- Enacted requirements that healthcare providers share information on end-of-life options. Compassion & Choices sponsored and helped pass the Palliative Care Information Act in New York (2010) that requires healthcare workers to provide information and counseling on end-of-life options and the Right to Know law in California designed to ensure that patients can receive information about all of their legal end-of-life options.
Aid in Dying
- Compassion & Choices President Barbara Coombs Lee co-authored Oregon’s landmark Death With Dignity Act, which went into effect in 1997. Eighteen years later, it is the model for aid-in-dying legislation nationwide.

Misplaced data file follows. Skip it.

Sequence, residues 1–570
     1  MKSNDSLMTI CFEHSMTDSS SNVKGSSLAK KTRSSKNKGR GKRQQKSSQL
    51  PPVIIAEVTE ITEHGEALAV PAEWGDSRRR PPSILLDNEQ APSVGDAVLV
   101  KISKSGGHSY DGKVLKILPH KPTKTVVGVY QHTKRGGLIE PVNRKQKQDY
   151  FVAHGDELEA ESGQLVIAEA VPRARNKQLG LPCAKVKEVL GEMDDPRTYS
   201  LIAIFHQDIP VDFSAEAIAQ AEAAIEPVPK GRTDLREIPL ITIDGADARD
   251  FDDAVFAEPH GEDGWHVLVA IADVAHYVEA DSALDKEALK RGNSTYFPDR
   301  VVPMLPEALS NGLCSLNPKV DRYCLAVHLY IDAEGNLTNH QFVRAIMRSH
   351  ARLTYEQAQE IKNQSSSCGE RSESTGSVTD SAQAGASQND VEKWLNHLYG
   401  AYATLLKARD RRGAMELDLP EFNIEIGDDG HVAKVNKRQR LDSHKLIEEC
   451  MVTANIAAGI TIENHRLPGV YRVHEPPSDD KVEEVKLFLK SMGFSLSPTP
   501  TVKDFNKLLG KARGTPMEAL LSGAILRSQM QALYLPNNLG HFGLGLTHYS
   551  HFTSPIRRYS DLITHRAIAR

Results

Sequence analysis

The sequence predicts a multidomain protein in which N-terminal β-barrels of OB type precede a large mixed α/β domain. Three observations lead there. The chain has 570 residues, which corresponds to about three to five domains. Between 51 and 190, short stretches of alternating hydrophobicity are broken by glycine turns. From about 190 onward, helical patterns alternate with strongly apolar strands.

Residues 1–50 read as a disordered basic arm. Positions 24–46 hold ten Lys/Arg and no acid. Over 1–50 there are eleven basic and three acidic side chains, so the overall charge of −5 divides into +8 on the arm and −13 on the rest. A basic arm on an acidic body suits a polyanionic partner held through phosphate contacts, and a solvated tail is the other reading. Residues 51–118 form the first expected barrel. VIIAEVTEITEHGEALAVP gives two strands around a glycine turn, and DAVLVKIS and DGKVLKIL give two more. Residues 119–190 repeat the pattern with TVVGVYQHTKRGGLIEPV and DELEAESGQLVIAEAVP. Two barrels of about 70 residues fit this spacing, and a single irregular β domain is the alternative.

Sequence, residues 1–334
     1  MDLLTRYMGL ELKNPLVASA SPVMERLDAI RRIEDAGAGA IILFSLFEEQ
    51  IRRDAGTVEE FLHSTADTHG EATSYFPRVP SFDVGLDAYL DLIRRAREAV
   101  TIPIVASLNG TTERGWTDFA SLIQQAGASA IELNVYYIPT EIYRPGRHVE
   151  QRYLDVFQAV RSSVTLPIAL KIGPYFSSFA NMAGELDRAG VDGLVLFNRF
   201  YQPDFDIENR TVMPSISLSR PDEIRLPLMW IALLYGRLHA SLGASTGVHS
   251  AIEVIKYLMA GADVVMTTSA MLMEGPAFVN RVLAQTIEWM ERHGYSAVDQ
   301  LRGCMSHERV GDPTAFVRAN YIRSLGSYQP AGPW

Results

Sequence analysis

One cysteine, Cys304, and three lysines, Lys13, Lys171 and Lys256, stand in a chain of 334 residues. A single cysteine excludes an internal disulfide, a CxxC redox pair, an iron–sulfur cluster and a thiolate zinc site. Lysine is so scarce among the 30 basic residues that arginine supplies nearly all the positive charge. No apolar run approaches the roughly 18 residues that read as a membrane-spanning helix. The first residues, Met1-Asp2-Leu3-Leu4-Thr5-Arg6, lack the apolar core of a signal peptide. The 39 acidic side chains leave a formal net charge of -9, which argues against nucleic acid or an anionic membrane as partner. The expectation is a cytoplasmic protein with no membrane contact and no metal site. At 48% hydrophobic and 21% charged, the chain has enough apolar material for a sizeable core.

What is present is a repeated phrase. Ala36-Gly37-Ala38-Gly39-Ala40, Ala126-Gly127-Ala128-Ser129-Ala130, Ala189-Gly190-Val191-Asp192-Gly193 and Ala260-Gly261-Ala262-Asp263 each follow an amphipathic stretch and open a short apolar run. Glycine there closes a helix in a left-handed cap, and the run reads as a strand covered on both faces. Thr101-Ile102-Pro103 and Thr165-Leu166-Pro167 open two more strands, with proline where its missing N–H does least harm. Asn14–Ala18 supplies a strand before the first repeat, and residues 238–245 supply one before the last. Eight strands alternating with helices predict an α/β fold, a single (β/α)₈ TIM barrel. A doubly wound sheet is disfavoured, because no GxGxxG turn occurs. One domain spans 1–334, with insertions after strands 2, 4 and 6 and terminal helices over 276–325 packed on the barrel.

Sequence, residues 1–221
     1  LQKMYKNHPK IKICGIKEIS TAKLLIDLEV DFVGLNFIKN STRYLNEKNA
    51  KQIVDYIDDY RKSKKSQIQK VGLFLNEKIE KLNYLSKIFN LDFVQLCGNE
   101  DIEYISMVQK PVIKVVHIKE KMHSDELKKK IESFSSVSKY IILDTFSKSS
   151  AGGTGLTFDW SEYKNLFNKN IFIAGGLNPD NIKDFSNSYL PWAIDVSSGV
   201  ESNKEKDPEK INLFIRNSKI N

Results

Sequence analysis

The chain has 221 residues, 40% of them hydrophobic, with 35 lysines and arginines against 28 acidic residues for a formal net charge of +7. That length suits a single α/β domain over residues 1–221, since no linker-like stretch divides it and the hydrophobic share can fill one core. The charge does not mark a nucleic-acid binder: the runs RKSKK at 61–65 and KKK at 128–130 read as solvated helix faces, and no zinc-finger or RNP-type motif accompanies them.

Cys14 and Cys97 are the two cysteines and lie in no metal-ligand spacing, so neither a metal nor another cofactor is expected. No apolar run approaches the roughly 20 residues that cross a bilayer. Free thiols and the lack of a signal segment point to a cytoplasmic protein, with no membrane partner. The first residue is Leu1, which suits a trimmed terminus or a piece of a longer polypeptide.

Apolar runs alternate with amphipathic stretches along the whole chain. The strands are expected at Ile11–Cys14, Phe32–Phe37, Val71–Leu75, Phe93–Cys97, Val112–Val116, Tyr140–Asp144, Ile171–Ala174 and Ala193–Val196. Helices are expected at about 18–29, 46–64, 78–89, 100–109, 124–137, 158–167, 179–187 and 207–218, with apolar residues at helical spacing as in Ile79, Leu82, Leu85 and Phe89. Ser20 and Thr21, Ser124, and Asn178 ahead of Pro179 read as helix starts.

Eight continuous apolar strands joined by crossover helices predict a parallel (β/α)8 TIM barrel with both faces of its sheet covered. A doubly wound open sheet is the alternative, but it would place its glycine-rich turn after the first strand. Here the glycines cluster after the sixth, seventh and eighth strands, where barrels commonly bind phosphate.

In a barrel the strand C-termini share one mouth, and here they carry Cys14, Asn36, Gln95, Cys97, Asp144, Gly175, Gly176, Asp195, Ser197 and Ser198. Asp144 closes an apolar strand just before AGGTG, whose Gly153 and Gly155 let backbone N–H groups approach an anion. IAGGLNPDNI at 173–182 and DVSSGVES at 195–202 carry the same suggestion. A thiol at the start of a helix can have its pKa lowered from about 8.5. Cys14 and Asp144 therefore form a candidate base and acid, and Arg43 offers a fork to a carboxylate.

- Pioneered the medical model of aid in dying that helps ensure that doctors can ethically practice aid in dying in an open, legitimate and accessible way, and integrates the option into patients’ end-of-life care. The culmination of that work was the publication of clinical criteria in the Journal of Palliative Medicine in December 2015.
- Advanced Glucksberg v. Washington (1997) to the U.S. Supreme Court. The landmark ruling encouraged individual states to engage in an “earnest and profound debate about the morality, legality and practicality of” medical aid in dying, setting the stage for the consideration of legislation at the state level.
- Secured authorization and implemented medical aid in dying in five states: Oregon (1994, ballot initiative), Washington (2008, ballot initiative), Montana (2009, state Supreme Court decision), Vermont (2013, legislation) and California (2015, legislation).